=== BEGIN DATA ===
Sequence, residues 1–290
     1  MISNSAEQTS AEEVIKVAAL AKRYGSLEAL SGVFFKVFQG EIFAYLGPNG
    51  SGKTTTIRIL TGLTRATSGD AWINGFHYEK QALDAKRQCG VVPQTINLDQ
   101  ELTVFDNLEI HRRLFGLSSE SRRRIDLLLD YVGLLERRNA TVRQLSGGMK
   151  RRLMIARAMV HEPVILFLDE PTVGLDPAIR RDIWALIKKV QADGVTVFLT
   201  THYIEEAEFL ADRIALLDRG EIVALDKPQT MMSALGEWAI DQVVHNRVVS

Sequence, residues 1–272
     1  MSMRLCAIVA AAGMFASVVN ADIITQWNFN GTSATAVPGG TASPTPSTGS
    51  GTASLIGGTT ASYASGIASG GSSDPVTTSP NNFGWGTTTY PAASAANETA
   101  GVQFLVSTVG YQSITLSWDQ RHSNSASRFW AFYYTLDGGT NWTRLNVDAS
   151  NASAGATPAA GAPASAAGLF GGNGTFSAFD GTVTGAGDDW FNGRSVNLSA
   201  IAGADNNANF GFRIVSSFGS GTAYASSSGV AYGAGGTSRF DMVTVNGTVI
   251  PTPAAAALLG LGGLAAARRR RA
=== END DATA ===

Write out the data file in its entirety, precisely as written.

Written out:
Sequence, residues 1–290
     1  MISNSAEQTS AEEVIKVAAL AKRYGSLEAL SGVFFKVFQG EIFAYLGPNG
    51  SGKTTTIRIL TGLTRATSGD AWINGFHYEK QALDAKRQCG VVPQTINLDQ
   101  ELTVFDNLEI HRRLFGLSSE SRRRIDLLLD YVGLLERRNA TVRQLSGGMK
   151  RRLMIARAMV HEPVILFLDE PTVGLDPAIR RDIWALIKKV QADGVTVFLT
   201  THYIEEAEFL ADRIALLDRG EIVALDKPQT MMSALGEWAI DQVVHNRVVS

Sequence, residues 1–272
     1  MSMRLCAIVA AAGMFASVVN ADIITQWNFN GTSATAVPGG TASPTPSTGS
    51  GTASLIGGTT ASYASGIASG GSSDPVTTSP NNFGWGTTTY PAASAANETA
   101  GVQFLVSTVG YQSITLSWDQ RHSNSASRFW AFYYTLDGGT NWTRLNVDAS
   151  NASAGATPAA GAPASAAGLF GGNGTFSAFD GTVTGAGDDW FNGRSVNLSA
   201  IAGADNNANF GFRIVSSFGS GTAYASSSGV AYGAGGTSRF DMVTVNGTVI
   251  PTPAAAALLG LGGLAAARRR RA